Though no one knows if Valencia’s grail is the true Last Supper
chalice, a group of experts says it has tremendous cultural value due
to its impact on history and literature.
The tale of the Grail is so tantalising that members of an international congress “Valencia, City of the Holy Grail,” focused on the chalice traditionally associated with the institution of the Eucharist in early November.
The congress was organised by the Archdiocese of Valencia, the cathedral’s metropolitan chapter, the Catholic University of Valencia, the Spanish Centre for Sindonology, the Royal Brotherhood, and the Holy Chalice Confraternity.
Experts from several countries attended and gave presentations on the ways in which this relic has marked history and literature since its move from Rome to Spain by Lawrence the Martyr in the year 258, as held by tradition.
The body of existing data points to the Valencia grail as the most probable authentic chalice of Christ.
Antonio Beltrán, professor of archaeology at the University of Zaragoza, noted that the cup is formed by a deep red agate, called “Oriental carnelian,” with streaks in the form of flames.
By its material he asserts that it must come from a workshop in Palestine, Syria or Egypt between the fourth century BC and the first century AD. The subsequent additions, such as the precious stones and the frame, date from the 13th or 14th century.
Jorge Manuel Rodríguez, president of the Spanish Centre for Sindonology, explained that although films have always shown “a wooden Holy Grail, […] that material did not comply with the norms of purification of the Jews.”
Another element discussed by the scholars was the journey of the chalice from Rome to Valencia.â¨â¨The experts affirmed that if the chalice arrived in Rome from Jerusalem, it was most likely taken by the Apostle Peter himself.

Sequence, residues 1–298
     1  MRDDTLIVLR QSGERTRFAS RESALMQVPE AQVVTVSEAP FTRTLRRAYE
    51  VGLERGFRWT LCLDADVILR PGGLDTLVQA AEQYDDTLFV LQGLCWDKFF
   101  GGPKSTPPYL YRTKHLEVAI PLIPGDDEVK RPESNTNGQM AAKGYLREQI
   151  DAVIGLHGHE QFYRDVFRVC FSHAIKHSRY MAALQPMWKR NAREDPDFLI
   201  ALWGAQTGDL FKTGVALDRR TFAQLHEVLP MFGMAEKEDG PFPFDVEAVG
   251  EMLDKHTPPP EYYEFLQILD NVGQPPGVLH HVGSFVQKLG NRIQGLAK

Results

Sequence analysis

Jaime Sancho, president of the liturgy commission of the Archdiocese of Valencia, presented a datum that supports the theory that the first popes celebrated the Eucharist with the same chalice that Jesus used.
Sancho explained that in the Roman Canon, which dates back to the second century, it says literally at the moment of consecration “and, taking this glorious chalice in his holy and venerable hands,” instead of “the chalice.”
This and other proofs contributed by Sancho strongly imply the existence in Rome of a unique chalice.
This was affirmed by José Vicente Martínez, professor of ancient history at the University of Valencia, and American researcher Janice Bennet, doctor in Spanish literature.
Both spoke about Pope Sixtus II, martyred in Rome during Valerian’s persecution, entrusting the Holy Grail to Deacon Lawrence to protect it from the emperor.
A manuscript by St Donatus told of this event, said Bennet, as well as the fact that Lawrence was a native of Valencia, not Huesca, as traditionally believed.â¨
Several presenters gave historical proofs of the presence of the chalice in Spain over many centuries, from the study of various annals and paintings.
German anthropologist Michael Hesemann stated that “as opposed to what many think, the grail legends did not begin with the Anglo-Saxon accounts of King Arthur, but in the rooted tradition that says that the chalice of the Last Supper was already in Spain in the Middle Ages.”â¨â¨
The researchers were practically unanimous in supporting research on the chalice with modern scientific techniques to determine its origin, though they emphasised that its religious value does not depend on the resulting discoveries.
Miguel Navarro, doctor in church history from Rome’s Gregorian University, stated that the chalice “is not a magical object, but consecrated by Jesus’ use of it and by the faith that perceives it as such, which has great religious value, regardless of the fact that it cannot be proved with absolute scientific certainty that it is the Lord’s chalice.”
Relics, he added, are not “simple keepsakes, but something more valuable: palpable evidence of the reality of the human or historical event on which our faith is based, as salvation takes place in history, in the flesh.”
Moreover, Father Manuel Carreira, doctor of physical sciences, added that science and faith “are not opposed.” However, he specified that “although science can give an explanation of all this, it cannot demonstrate anything literally about what happens in the Eucharist.”
Navarro added that the chalice “insofar as relic, is beyond and above science, because its primordial significance belongs to the realm of faith, which does not mean that we approach it in an anti-scientific or fundamentalist way.” Rather, “we have the obligation to study it scientifically in its materiality.”
Benedict XVI used the chalice during the Mass with which he concluded the World Meeting of Families in Valencia in July, 2006. Pope John Paul II also used it in his visit to the city.